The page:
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A guide to holidaying in Surrey - Your Cottage
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Guide To Holidaying In Surrey

A guide by Julia Buckley

Surrey Surrey for many people is the 'stockbroker belt' of large suburban houses and upmarket towns. Wherever you stay in Surrey, there's a great deal to offer the holidaymaker. Book a holiday cottage in Surrey and enjoy exploring the county's market towns of Guildford of Dorking, walks at the Devil's Punchbowl or Box Hill or just enjoying sitting by the River Thames at Hampton Wick or a bit closer to London at Richmond.

Those who dismiss Surrey as mere commuter-land will be sorely disappointed. They'll also be surprised to learn that it's one of the most densely wooded counties in England - it's not for nothing that the logo of Surrey County Council is a pair of intertwined oak leaves. So if this doesn't fit with your mental image, perhaps it's time to pay a visit.

Surrey's proximity to London has, of course, ensured great swathes of urbanisation; but step off the M25, head south for the Surrey hills, and you'll be met by clusters of enchanting villages that look as if all that's changed in the last fifty years is the inhabitants' taste in curtains.

From the village ponds to the roadside speed restriction signs, everything is meticulously tended. The perfectly manicured villages of Leigh, Brockham and Norwood Hill sit on the banks of the River Mole near the Sussex border, and are perfect for a leisurely day of exploring.

Guildford - the county capital since pre-Norman times - boasts shopping aplenty, as well as a Henry II castle and keep for the more culturally-minded. Its freshly-built post-war cathedral was constructed from bricks made of the clay on which it sits; and its Tudor Guildhall has been standing since 1660.

The town museum contains over two thousand years' worth of finds, as well as a display of the childhood toys of Charles Dodgson - better known as Lewis Carroll. Dodgson is buried in Guildford cemetery, just behind the chapel.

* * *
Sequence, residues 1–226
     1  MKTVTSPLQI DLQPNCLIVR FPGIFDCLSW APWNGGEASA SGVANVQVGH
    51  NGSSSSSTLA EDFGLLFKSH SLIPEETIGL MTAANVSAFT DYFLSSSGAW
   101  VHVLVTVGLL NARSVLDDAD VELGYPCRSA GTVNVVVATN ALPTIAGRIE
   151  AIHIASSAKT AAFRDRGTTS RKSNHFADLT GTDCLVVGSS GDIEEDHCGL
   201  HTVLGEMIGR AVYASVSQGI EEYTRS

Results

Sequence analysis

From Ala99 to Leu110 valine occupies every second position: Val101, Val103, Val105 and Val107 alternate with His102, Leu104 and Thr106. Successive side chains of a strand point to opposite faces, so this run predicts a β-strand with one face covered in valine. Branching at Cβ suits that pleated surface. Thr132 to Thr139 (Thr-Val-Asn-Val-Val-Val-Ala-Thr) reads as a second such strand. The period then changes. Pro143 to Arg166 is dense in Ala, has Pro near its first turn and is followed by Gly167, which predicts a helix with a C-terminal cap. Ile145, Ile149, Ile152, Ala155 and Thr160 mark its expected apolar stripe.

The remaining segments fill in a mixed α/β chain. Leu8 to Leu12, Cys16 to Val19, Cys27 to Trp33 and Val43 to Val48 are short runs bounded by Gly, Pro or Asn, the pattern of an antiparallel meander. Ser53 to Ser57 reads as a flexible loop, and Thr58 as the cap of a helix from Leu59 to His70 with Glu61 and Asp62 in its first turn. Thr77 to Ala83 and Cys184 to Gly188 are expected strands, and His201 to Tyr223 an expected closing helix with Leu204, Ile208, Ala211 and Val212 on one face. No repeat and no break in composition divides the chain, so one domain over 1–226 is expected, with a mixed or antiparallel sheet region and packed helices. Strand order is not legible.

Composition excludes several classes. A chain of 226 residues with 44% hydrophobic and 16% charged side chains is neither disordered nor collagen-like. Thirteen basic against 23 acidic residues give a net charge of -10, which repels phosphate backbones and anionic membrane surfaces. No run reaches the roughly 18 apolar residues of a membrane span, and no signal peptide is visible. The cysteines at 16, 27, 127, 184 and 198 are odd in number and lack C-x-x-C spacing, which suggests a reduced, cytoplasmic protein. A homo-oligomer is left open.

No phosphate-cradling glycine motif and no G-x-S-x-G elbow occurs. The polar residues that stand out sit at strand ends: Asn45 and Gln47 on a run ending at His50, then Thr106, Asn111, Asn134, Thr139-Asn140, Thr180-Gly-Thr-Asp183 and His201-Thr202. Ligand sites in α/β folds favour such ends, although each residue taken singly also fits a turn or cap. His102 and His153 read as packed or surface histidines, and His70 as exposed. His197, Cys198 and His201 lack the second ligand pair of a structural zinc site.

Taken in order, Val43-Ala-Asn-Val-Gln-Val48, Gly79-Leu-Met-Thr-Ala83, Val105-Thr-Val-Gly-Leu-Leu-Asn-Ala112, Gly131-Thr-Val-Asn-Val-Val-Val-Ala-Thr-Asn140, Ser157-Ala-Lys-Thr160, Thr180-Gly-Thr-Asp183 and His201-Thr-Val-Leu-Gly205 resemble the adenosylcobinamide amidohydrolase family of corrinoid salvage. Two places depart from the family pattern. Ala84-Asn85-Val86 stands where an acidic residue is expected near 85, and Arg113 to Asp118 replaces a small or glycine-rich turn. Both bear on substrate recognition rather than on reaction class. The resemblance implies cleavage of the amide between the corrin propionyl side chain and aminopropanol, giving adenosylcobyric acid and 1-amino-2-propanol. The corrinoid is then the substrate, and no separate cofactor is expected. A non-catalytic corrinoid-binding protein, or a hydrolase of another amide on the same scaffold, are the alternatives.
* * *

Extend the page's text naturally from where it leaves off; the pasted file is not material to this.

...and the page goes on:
Thanks to its proximity to London, Surrey bears witness to much of UK history. The Magna Carta was signed in 1215 at Runnymede near Egham. Several centuries later, Henry VIII made his mark on the county when he destroyed Farnham's Waverley Abbey as part of the Reformation and commandeered Hampton Court, one of the finest Tudor buildings in the country, from his erstwhile ally Cardinal Wolsey.

Henry turned the palace, complete with 280 rooms and a staff of 500, into a love nest to share with Anne Boleyn; and although their relationship may have been short-lived, Henry's love affair with Hampton Court continued till his death. Don't miss the tricky maze; Anne Boleyn's gateway, inscribed with the initials H&A; or the Great Hall, whose stained glass windows contain the crests of each of Henry's six wives.

If Hampton Court inspires you to visit more historic buildings, Surrey has plenty on offer. Over 1000 feet in the air, the eighteenth-century Leith Hill Tower crowns the highest point in the South-East, near Coldharbour; while Polesden Lacey is a beautiful Edwardian National Trust house, once frequented by the fabulously rich Mrs Grevel and her high society cronies.

The pretty village of Compton, meanwhile, houses a beautiful Art Nouveau cemetery chapel designed by the nineteenth-century husband-and-wife team George and Mary Watts. The walls are a riot of red, green and gold relief, which Mary called "glorified wallpaper", and if you're not averse to visiting a graveyard, it's an unmissable sight.

For a structured view of nature, head to the 100-acre Winkworth Arboretum near Godalming or any of the Gertrude Jekyll gardens scattered over Surrey; but if you prefer your landscapes untamed, make sure you take a trip along the A31 at Farnham on the Hog's Back, held to be one of the most scenic drives in the South-East.

The Devil's Punch Bowl, a natural sandstone amphitheatre, is as famous for its spectacular surrounding heathland as for its name; while Box Hill, near Dorking, has inspired generations of writers, from the seventeenth-century diarist John Evelyn to Robert Louis Stevenson via Jane Austen - the picnic scene in Emma is set here. Surrey is a county which truly defies expectations - lucky commuters.

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